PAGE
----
Another way I look at this is one sides wheels has an increased weight load while the other sides wheels have decreased. So you have two forces at play (compression distance of loaded side plus the decompression distance of the now unloaded side). If you start jacking up the middle of your frame enough to counter act say 1 inch of off level, that part of the frame now would be bearing the load that was once shared between all four corners before you deployed your sides after initially leveling. It's not just 'taking the weight off' as now weight that was once shared between 4 points (by some percentage ) has now been shifted to say maybe 2 points... Plus now the other side has risen up due to the shift in loading.
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Old 10-01-2015, 03:43 PM   #17
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You are right we are seeing this problem from different angles. I don't see it as your "frame" rolling to one side because of unbalanced weight distribution but as your suspension being more compressed on one side due to the unbalanced load.

I don't believe the problem is with the frame moving/twisting at all. Which is why I recommend against putting forces on the frame to correct a suspension loading/unbalanced problem.

If you raise the wheel(s) on the side that has had its suspension more compressed then the frame will be parallel again (level side to side). Or pump up the air bags on the low side and lower the air bags on the high side.

Another way I look at this is one sides wheels has an increased weight load while the other sides wheels have decreased. So you have two forces at play (compression distance of loaded side plus the decompression distance of the now unloaded side). If you start jacking up the middle of your frame enough to counter act say 1 inch of off level, that part of the frame now would be bearing the load that was once shared between all four corners before you deployed your sides after initially leveling. It's not just 'taking the weight off' as now weight that was once shared between 4 points (by some percentage ) has now been shifted to say maybe 2 points... Plus now the other side has risen up due to the shift in loading.
We will have to agree to disagree. This is the exact same issue that is resolved with hydraulic jacks connected to the FRAME to insure the coach is setting level on rigs with auto leveling. Drive up on boards if that makes you happy. I will give a different approach a try. I have been doing it your way and it's time for a smarter solution.
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Old 10-01-2015, 04:00 PM   #18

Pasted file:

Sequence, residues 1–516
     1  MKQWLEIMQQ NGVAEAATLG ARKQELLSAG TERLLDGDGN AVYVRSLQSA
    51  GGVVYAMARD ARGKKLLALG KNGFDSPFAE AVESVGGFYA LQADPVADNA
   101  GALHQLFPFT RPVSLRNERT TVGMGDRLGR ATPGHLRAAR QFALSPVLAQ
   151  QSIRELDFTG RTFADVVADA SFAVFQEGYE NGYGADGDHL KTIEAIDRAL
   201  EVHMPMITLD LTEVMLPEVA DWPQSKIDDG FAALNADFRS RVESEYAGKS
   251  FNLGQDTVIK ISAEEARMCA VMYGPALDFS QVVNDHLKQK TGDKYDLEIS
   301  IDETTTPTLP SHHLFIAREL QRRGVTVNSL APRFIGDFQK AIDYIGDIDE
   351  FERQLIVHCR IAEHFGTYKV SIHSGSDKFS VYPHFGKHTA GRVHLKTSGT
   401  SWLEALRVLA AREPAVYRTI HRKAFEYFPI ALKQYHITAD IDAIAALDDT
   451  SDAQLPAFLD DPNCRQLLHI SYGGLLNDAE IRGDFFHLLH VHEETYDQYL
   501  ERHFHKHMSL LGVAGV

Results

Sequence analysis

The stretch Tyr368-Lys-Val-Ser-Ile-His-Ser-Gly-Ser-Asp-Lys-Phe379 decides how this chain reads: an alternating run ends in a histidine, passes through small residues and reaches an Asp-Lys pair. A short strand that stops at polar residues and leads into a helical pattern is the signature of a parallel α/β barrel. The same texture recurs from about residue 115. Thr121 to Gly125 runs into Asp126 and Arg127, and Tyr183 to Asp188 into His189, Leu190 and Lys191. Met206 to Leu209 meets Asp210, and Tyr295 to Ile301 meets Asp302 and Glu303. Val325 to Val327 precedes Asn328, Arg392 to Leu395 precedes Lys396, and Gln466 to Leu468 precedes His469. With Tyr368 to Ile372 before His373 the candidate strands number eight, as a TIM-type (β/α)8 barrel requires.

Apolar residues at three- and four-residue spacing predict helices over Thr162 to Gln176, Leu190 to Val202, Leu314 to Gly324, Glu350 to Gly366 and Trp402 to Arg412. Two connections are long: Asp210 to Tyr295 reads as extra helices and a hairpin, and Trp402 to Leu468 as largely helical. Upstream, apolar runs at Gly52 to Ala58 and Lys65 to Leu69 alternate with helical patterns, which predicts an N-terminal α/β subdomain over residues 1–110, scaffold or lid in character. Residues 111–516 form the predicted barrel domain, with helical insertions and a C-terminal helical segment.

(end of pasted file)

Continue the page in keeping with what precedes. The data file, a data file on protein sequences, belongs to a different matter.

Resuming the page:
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Lets us know and take some pictures for the rest of us.

Maybe I just had the wrong picture in my head on what you were asking about. If you are talking more along the lines of how and where auto leveling Jack's are installed... I can picture that. As I've always seen hydraulic leveling jacks mounted along the frame in close proximity to the suspension components. If that's what you are talking about and not towards the middle of the coach frame where it's been extended... Then I can understand.
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Old 10-01-2015, 04:15 PM   #19
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Lets us know and take some pictures for the rest of us.

Maybe I just had the wrong picture in my head on what you were asking about. If you are talking more along the lines of how and where auto leveling Jack's are installed... I can picture that. As I've always seen hydraulic leveling jacks mounted along the frame in close proximity to the suspension components. If that's what you are talking about and not towards the middle of the coach frame where it's been extended... Then I can understand.
I don't think it matters if the stabilizer jack is mount mid frame because we are not talking about tons of weight. As it is now, FR added a front stabilizing jack (one foot) on models with 2 slides on one side. I guess they thought that would help but it doesn't because it's mounted on the center line of the coach. In fact if you have the 2 rear jacks down and the front jack you then put a twist in the frame when the slides are extended. I feel a mid frame jack would stop or reduce the twist and keep the coach level. I have also considered that if the front jack could be remounted from the centerline to be in-line with the driver side frame rail then an additional jack should not be needed. I need to crawl under the coach to see if a better remount is possible.